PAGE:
This paper extends arguments on why markets develop in certain countries but not in others, by analyzing how state regulation moderates the impact of transaction costs on market development. I argue that by controlling corruption, defining property rights, enforcing contracts, and reducing uncertainty, efficient state institutions facilitate market development by changing the relative governance costs of markets versus hierarchies, leading to an increased likelihood wherein parties undertake transactions in the market. However, this relationship is only relevant for goods that have substantial inherent transaction costs. Using a seven-year, 40-country dataset on three types of financial cards with differing levels of asset specificity and uncertainty, I find empirical evidence suggesting that improved regulatory efficiency increases per capita circulation of credit cards, and to a lesser extent, debit cards, but not automatic teller machine cards. This result provides empirical support to the premise that state regulation affects the development of markets for goods with significant transaction cost characteristics.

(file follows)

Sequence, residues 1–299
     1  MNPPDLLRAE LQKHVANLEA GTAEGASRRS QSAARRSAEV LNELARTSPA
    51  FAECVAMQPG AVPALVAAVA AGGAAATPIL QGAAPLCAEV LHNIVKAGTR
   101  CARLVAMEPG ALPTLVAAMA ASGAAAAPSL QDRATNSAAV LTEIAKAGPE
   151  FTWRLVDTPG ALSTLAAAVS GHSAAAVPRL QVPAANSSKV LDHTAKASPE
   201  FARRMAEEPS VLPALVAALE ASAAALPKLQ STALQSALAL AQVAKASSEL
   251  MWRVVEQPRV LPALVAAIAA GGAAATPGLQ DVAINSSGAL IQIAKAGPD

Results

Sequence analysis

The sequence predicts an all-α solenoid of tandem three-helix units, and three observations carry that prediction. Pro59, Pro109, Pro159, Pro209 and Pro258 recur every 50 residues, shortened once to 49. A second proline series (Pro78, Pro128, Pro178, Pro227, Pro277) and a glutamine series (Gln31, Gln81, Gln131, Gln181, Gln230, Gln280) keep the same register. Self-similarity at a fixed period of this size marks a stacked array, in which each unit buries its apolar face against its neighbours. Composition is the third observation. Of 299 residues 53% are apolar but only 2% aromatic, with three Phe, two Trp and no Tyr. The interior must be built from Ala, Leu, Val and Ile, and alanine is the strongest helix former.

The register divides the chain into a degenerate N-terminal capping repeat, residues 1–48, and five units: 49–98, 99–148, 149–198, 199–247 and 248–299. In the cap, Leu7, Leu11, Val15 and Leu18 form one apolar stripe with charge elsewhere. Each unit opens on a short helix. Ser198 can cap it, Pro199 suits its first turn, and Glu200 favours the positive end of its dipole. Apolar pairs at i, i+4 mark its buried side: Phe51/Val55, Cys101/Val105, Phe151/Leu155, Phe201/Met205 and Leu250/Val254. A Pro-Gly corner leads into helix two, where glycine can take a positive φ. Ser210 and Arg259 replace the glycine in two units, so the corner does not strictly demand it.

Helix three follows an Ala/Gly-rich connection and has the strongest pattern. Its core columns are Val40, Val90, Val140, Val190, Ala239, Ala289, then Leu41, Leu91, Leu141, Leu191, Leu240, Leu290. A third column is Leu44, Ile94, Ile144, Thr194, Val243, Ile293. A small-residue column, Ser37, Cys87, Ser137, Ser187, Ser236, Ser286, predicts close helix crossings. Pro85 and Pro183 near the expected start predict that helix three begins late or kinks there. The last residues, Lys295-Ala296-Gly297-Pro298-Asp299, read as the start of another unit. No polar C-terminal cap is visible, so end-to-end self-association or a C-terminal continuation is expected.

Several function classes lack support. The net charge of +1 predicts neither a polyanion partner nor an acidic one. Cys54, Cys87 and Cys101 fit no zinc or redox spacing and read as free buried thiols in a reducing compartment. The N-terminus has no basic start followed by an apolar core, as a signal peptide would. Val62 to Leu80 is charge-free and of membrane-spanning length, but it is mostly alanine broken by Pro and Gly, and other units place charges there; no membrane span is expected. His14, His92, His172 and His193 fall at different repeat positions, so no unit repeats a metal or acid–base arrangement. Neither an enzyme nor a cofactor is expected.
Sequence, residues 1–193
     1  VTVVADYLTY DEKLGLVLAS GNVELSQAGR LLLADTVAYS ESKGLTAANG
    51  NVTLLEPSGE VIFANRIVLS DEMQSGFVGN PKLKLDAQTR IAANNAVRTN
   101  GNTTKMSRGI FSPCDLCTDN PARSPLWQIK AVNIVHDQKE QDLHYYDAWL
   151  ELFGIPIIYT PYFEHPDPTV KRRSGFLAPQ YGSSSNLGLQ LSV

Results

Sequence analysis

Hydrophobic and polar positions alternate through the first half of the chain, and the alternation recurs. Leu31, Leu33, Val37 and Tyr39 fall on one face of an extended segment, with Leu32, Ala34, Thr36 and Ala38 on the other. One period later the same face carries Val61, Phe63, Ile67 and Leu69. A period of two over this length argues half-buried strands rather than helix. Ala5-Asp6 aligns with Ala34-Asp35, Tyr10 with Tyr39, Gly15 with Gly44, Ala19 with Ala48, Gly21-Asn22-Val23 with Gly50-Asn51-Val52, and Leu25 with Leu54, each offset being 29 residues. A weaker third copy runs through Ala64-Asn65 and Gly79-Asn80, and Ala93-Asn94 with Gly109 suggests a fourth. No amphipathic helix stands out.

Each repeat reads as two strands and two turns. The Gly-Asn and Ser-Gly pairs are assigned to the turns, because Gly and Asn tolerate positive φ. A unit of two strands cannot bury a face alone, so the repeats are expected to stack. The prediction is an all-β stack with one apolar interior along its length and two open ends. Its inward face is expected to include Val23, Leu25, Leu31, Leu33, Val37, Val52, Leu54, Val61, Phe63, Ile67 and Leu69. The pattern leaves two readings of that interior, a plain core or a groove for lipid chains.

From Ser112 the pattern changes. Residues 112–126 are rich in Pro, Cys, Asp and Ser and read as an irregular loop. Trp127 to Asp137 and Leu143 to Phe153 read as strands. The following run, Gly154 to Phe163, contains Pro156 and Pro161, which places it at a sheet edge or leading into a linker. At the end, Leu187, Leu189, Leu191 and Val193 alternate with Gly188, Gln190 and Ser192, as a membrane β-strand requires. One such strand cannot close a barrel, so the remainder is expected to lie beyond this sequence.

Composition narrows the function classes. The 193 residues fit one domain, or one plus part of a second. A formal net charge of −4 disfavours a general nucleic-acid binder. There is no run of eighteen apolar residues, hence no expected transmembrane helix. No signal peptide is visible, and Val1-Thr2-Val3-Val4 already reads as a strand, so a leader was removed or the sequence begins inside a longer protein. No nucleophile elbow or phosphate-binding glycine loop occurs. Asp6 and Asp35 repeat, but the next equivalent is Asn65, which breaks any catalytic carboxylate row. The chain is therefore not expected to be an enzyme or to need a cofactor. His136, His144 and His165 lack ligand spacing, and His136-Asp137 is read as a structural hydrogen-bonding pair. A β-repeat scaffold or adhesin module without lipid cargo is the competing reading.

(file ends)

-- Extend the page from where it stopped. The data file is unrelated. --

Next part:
Available at: http://works.bepress.com/robertogalang/11/